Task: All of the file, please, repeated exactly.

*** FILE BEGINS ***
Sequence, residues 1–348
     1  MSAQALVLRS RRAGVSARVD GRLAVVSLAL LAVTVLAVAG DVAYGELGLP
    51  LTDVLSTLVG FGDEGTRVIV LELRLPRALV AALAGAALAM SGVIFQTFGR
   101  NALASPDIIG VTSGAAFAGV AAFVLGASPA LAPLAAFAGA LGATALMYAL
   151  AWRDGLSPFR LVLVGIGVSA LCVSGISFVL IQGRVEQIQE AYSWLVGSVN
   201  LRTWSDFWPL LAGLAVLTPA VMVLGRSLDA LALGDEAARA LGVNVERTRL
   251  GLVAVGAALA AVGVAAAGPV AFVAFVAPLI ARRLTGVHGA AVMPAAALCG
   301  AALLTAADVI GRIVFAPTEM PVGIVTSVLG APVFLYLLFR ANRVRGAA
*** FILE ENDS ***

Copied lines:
Sequence, residues 1–348
     1  MSAQALVLRS RRAGVSARVD GRLAVVSLAL LAVTVLAVAG DVAYGELGLP
    51  LTDVLSTLVG FGDEGTRVIV LELRLPRALV AALAGAALAM SGVIFQTFGR
   101  NALASPDIIG VTSGAAFAGV AAFVLGASPA LAPLAAFAGA LGATALMYAL
   151  AWRDGLSPFR LVLVGIGVSA LCVSGISFVL IQGRVEQIQE AYSWLVGSVN
   201  LRTWSDFWPL LAGLAVLTPA VMVLGRSLDA LALGDEAARA LGVNVERTRL
   251  GLVAVGAALA AVGVAAAGPV AFVAFVAPLI ARRLTGVHGA AVMPAAALCG
   301  AALLTAADVI GRIVFAPTEM PVGIVTSVLG APVFLYLLFR ANRVRGAA